Learning to Skate on Holiday
If you’re looking for a fun activity that everyone can take part in on holiday, you could do worse than to try your hand at ice skating. It’s a popular sport, especially in winter holiday resorts, so you’re likely to find official and unofficial skate opportunities galore.
Should I Have Lessons at Home?Learning to ice skate and having a few trial runs before you actually go on holiday are a very good idea. There are plenty of skate rinks in the UK now, so if you think that you are likely to want to try it on a frozen lake in Canada, it’s a great start to at least acclimatise yourself to skating on ice in the relative safety of an organised rink, or better still, have a lesson or two before you go.
Not only will you learn the basics with someone around to help you out – but you won’t have to concern yourself about dangerous ice, or weather conditions.
Find a rink local to you here: iceskating.org.uk
What Equipment do I Need?If you’re skating outside, wear warm clothes but nothing too tight that could potentially restrict your movement. Experts say that it’s also a bad idea to wear jeans, because if you get them wet when you fall over it will take ages for them to dry out, and you’ll be stuck wearing cold clammy jeans for a while- which is not pleasant.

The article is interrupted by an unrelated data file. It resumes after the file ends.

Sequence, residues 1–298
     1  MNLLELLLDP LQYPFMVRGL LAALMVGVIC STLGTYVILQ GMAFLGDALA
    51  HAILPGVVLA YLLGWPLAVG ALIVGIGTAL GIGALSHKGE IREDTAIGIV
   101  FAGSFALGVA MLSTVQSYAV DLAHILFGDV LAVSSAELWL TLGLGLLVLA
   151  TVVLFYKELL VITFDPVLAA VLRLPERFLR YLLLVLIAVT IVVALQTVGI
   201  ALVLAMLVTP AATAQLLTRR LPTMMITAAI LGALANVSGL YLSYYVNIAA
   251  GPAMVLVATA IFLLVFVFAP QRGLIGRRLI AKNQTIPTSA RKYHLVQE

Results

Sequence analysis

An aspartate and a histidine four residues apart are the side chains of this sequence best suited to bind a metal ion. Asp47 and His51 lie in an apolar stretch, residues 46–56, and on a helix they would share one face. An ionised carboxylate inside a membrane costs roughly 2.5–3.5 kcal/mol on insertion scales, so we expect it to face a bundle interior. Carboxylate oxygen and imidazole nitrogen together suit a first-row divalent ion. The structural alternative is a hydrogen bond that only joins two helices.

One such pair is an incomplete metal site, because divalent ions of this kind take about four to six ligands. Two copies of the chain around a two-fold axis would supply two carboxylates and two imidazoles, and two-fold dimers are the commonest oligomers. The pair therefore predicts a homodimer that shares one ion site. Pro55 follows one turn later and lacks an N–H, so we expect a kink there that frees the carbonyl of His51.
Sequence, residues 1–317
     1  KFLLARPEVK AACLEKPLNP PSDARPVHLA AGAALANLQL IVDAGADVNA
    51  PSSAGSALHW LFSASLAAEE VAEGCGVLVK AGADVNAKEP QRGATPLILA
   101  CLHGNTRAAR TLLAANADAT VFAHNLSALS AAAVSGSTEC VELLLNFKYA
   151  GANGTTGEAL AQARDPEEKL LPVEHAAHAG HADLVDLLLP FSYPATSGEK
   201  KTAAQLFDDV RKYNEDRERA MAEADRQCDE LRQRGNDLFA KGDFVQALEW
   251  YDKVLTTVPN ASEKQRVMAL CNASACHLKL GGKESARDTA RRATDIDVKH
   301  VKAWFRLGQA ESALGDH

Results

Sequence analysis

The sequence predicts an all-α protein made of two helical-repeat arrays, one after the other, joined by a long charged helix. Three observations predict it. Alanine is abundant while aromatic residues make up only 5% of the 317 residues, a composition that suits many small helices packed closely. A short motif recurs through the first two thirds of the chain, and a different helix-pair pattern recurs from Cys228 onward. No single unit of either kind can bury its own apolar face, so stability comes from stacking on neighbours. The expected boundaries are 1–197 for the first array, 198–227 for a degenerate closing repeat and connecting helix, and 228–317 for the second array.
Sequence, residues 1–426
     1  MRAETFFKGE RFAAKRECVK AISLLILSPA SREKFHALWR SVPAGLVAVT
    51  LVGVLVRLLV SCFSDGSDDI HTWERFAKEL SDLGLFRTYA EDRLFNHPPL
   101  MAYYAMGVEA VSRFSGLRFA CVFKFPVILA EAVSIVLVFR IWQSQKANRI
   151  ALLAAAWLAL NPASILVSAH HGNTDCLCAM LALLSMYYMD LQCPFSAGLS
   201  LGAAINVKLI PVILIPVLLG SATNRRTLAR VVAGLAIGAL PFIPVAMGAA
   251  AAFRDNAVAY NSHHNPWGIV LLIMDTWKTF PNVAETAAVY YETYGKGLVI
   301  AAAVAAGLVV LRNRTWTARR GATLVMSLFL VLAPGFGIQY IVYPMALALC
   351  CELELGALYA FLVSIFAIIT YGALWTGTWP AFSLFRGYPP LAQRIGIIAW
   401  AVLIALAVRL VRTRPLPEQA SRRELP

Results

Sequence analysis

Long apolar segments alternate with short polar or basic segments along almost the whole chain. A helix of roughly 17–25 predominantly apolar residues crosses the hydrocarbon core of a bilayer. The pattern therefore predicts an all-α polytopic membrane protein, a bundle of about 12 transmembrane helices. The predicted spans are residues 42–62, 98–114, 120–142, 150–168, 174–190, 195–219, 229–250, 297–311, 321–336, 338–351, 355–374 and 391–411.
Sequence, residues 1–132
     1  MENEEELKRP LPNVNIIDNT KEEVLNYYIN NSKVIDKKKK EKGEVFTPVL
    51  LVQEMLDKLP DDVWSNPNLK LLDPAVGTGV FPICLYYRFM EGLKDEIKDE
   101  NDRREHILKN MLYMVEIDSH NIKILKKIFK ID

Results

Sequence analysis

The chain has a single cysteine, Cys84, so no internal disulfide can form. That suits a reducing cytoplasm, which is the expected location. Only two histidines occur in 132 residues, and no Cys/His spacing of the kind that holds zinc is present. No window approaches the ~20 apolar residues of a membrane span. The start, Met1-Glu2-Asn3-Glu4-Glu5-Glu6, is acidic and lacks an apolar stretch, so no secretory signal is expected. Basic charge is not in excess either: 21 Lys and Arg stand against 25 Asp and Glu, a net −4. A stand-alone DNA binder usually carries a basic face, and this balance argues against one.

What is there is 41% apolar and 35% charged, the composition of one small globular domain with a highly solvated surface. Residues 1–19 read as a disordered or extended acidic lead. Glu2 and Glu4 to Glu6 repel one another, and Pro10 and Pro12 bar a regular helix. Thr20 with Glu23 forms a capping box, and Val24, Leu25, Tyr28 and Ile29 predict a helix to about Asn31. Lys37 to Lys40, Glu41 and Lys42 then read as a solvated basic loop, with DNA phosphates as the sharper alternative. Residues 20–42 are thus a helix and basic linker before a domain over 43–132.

As with most winter sports, it’s a good idea to layer on the clothes, as once you get started you’ll warm up and probably want to take some of them off again. It also goes without saying that you’ll need a warm hat, and gloves.
What About the Skates?Hiring ice skates on holiday is easy and usually reasonably cheap. There are two types of skates one is used for figure skating and the other for hockey – but although most people who hire them will probably just be - figure skates and hockey skates. Most rinks and hire firms tend to hire out the hockey boots instead of figure-skating boots, as they are safer and more comfortable for amateurs.
Can I Have Lessons on Holiday?You can find ice skate lessons all over the decent ski resorts, so you should be able to find someone who will be able to teach you the rudimentaries fairly easily. Lessons are usually available from a young age, around seven years and upwards, and can be tailored to the individual, from a basic lesson on balance, stride, and how to stop and turn, to skating outside freestyle.
If you want to try and make more of the skating, you can also try and find a skating tour, for example there are specialist tours around Sweden, and they are also starting to catch on in North America too. They offer guided skating groups with qualified instructors. These kind of holiday on skates tours operate in other popular ice skating locations, too.
What’s on offer with the different tours depends very much on the individual tour company – with some of the holidays you will need to book separate accommodation, and others offer it as part of the package.